It’s well known that there are different factions within the Republican Party. While there have been various divides throughout the years, the most recent has been the obvious establishment versus tea party tension. In 2010, both Rand Paul and Marco Rubio cruised to victory on the tea party wave, beating their handpicked establishment opponents with the help of an electorate frustrated by Republicans all too eager to help Democrats grow government. While at first glance this makes it seem as though Paul and Rubio are from the same faction of the GOP, five years in the Senate and a presidential campaign prove that they’re not particularly similar.
In fact, Paul and Rubio are essentially the acting spokesmen for two different strains of Republicanism: libertarianism and neoconservatism. This was on full display in a way that casual political observers aren’t typically exposed to during the last Republican debate hosted by Fox Business. The debate, billed as an opportunity for candidates to talk about their plans for the economy, focused primarily on that topic. The contenders finally got wonkish; talking tax rates, balanced budgets, Fed policy, and trade deals.
Rand Paul, searching for the breakout opportunity he simply hadn’t found in previous debates, interjected as Rubio finished answering a question about whether his proposed child tax credit increases, which are estimated to cost up to $170 billion per year, were economically viable. “We’re not talking about giving people back their tax money,” said Paul of Rubio’s plan. “He’s talking about giving people money they didn’t pay. It’s a welfare transfer payment.” Then came the kicker, “Add that to Marco’s plan for a trillion dollars in new military spending, and you get something that looks to me not very conservative.” When Paul went with that attack, the floodgates opened.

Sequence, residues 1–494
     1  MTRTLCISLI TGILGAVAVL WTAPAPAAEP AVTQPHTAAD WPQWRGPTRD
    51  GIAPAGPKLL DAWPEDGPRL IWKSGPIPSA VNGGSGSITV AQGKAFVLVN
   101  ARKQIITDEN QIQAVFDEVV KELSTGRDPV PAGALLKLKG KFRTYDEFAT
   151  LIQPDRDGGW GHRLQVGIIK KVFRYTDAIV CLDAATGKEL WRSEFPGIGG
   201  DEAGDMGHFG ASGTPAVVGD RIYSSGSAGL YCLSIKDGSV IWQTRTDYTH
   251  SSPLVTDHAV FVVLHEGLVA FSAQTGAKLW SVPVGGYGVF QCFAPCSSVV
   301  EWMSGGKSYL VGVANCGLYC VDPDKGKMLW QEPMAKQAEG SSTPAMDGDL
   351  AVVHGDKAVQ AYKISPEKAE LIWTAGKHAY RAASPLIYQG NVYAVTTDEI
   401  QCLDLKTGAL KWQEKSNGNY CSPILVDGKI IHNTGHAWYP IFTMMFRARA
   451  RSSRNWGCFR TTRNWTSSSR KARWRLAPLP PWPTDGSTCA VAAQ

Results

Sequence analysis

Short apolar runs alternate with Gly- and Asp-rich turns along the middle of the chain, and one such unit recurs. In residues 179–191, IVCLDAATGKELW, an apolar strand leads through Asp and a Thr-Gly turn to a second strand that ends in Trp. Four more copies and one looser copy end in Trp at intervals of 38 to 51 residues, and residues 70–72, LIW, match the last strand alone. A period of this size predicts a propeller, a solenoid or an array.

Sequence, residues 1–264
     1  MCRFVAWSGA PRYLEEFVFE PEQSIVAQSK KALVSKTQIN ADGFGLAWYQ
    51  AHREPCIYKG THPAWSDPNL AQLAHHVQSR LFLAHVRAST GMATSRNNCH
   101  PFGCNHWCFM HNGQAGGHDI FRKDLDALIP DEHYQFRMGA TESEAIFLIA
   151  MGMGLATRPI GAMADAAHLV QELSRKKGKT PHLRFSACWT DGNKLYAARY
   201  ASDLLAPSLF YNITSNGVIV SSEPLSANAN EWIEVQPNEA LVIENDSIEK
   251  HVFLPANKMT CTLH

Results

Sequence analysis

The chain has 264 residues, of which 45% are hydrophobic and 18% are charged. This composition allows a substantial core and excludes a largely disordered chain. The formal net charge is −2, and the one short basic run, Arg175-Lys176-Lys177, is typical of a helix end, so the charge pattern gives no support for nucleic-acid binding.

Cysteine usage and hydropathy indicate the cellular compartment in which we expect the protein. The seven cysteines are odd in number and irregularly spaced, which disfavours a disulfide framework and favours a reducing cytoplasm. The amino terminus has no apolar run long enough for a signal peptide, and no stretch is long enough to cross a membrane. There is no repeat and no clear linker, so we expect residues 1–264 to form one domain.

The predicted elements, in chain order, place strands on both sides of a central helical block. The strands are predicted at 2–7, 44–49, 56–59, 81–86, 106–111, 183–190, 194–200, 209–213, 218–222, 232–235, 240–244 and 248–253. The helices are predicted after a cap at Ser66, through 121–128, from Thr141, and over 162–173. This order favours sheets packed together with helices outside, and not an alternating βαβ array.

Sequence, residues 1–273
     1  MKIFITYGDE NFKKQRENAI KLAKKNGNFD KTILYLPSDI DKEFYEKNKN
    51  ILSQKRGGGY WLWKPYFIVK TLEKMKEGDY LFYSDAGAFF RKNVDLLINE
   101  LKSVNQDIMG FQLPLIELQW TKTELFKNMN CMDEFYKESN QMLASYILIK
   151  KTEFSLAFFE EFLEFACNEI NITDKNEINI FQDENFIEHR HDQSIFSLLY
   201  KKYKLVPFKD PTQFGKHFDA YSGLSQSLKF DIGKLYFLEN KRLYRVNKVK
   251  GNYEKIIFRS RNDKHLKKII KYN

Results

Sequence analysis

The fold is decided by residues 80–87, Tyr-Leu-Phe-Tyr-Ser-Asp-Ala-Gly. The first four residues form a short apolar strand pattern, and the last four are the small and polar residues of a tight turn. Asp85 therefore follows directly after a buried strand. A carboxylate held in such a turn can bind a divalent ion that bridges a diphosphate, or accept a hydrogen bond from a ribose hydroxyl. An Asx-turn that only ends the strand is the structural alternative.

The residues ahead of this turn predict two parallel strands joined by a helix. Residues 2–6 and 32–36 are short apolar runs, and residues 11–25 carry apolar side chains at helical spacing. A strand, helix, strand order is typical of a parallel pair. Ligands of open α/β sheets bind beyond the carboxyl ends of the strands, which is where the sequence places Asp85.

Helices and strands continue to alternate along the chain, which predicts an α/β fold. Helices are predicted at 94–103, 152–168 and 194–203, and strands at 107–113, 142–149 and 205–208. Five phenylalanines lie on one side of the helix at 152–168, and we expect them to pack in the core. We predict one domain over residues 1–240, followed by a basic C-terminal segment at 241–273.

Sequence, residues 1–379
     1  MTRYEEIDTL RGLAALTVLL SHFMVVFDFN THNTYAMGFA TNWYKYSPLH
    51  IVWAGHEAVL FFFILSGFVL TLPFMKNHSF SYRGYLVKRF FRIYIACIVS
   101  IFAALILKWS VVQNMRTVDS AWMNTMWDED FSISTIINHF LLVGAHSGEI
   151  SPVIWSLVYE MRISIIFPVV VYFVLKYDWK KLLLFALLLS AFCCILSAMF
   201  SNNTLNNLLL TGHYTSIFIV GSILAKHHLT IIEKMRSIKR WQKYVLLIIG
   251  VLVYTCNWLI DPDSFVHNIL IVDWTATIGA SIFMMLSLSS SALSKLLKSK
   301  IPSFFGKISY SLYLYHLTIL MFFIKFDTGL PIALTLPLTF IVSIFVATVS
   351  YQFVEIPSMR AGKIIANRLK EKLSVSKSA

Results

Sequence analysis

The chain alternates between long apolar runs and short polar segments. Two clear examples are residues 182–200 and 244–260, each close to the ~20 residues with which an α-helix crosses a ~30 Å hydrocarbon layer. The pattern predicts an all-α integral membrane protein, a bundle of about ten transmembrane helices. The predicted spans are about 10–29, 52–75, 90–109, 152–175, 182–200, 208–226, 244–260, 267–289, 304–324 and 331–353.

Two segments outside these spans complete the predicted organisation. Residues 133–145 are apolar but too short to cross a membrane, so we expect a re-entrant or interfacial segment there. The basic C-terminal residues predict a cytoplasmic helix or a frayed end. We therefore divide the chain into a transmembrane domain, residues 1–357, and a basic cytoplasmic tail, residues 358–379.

Rubio demanded time to respond, defending his tax plan, but more so taking the opportunity to criticize Paul on defense issues. “I want to rebuild the American military,” said Rubio. “I know Rand is a committed isolationist; I’m not,” he added, as Paul laughed at the admittedly absurd mischaracterization of his views. “We can’t even have an economy if we’re not safe,” said Rubio as he went through a laundry list of atrocities groups like ISIS are committing. Rubio then added a few token comments about the importance of America’s role in the world, attempting to contrast his rival, even though Paul has never actually advocated that America withdraw from a position of international leadership.
This led to Paul’s retort, in which he explained that we aren’t safe as a country if we end up in bankruptcy court. “As we go further and further into debt, we become less and less safe,” said Paul. “We need a safe country. We spend more on our military than the next ten countries combined. I want a strong national defense. But I don’t want us to be bankrupt.” This exchange, while it was telling, barely scratches the surface of an underlying tension that the Republican Party desperately needs to work out.
As someone who is unequivocally on Paul’s side of the foreign policy debate, I’m glad he forced this discussion and hope he conveyed to the average observer that he is in fact for a very strong national defense, as his record in the Senate reflects. But I do wish this exchange had been part of a broader foreign policy debate, because there are many aspects that need further explanation. First and foremost, the notion that Rand Paul is a “committed isolationist” is nothing short of ridiculous. In fact, it’s embarrassing that someone with the level of foreign policy knowledge Rubio possesses would lower himself to such vapid sloganeering.